7Can over-boiled water affect the quality of tea ?
Boiling water for too long does dramatically affect the quality of tea. The desirable brisk taste of tea is created by the interaction of two of its main components , caffeine and polyphenols. Each component is harsh on its own but as a complex the compounds moderate each other. Acid levels of water affect the behaviour of these components. Water contains minerals and gases absorbed from the earth bed and air. Carbon dioxide absorbed by air makes the water slightly acidic that influence the colour and taste. High temperature changes the acidity of water and the acidity is reduced by gradually driving out carbon-dioxide. Therefore re-boiled water might well brew tea of a different colour and strength and is unsuitable to brew a good cup of tea.
8Does the water affect the tea brew ?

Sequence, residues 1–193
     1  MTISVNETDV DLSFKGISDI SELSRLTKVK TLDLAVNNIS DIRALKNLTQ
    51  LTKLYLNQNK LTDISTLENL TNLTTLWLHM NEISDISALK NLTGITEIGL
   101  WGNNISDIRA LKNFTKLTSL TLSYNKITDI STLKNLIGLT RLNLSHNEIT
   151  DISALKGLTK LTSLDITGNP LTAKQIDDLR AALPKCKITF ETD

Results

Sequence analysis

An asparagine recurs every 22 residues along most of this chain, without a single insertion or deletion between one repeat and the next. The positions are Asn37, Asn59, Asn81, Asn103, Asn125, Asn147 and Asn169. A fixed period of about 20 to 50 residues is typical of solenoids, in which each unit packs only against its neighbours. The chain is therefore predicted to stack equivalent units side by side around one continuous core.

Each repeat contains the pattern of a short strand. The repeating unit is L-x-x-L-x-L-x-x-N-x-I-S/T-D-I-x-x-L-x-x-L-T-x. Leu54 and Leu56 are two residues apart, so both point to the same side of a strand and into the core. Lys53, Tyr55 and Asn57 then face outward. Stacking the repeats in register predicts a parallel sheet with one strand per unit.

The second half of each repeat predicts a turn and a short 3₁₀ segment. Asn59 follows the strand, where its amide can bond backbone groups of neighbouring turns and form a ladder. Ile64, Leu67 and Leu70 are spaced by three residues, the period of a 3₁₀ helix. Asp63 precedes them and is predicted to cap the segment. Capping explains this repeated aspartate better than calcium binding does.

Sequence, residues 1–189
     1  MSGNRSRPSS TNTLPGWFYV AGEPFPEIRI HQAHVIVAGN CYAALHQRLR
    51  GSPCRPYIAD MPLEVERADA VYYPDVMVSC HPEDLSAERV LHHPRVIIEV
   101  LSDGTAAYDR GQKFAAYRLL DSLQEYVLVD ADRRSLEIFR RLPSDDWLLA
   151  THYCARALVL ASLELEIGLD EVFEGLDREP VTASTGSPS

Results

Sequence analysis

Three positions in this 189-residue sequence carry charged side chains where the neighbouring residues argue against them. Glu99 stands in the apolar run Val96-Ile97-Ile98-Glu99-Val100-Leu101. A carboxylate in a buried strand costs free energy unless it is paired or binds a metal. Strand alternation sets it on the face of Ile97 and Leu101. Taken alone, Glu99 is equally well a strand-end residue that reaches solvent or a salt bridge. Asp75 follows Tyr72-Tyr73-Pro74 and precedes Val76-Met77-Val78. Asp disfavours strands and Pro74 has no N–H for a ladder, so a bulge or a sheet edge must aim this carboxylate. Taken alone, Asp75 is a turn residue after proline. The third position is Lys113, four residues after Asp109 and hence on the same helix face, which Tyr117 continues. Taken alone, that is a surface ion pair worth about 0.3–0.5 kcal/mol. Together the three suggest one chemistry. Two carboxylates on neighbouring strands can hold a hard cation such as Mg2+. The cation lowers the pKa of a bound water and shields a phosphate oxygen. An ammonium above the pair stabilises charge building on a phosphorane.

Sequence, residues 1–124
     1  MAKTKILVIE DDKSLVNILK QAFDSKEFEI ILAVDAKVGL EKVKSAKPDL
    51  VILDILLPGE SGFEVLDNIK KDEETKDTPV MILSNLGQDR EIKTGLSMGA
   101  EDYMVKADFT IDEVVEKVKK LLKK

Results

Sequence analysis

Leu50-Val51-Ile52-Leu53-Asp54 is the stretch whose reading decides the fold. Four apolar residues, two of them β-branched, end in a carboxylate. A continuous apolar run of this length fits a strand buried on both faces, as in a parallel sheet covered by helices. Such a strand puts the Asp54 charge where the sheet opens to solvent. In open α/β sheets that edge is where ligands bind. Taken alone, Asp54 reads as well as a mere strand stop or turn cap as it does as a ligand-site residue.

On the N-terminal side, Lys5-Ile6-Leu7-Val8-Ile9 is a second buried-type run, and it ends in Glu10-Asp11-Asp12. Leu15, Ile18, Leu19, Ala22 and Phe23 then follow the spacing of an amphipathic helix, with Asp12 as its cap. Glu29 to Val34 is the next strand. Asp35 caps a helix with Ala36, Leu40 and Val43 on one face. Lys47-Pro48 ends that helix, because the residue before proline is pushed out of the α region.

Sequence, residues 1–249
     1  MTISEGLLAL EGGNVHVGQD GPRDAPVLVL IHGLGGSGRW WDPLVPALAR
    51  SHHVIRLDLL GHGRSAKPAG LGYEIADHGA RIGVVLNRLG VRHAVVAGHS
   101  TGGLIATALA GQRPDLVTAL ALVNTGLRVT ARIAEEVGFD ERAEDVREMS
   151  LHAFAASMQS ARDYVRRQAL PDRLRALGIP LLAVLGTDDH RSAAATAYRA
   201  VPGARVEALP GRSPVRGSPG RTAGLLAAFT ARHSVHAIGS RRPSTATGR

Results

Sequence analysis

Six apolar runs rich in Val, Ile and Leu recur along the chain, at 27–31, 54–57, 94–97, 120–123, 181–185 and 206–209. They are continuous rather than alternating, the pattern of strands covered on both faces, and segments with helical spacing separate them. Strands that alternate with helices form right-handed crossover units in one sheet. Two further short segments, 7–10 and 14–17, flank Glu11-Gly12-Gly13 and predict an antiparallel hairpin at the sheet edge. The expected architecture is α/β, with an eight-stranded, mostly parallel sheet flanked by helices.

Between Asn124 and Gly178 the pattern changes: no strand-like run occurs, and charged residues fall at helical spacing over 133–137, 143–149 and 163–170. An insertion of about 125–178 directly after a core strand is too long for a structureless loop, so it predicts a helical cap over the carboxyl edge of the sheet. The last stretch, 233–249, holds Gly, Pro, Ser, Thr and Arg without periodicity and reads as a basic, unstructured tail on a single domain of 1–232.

The water used to brew the tea significantly affects the colour and the taste of a cup of tea. Tea brewed in soft water or permanently hard water (which contains CaSO4) appears brighter than if it is brewed in temporary hard water (that contains Calcium bicarbonate CaCO3). High pH water that contains bicarbonate makes the infusion look darker brown due to the greater ionisation of the tea polyphenols. While lower pH as in lemon tea the infusion turns yellow. As for taste some teas are more suited to softer water such as the orthodox manufactured Assam leaf, while high grown Ceylon and CTC manufactured teas are better with temporary hard water.
9How much caffeine is there in tea ?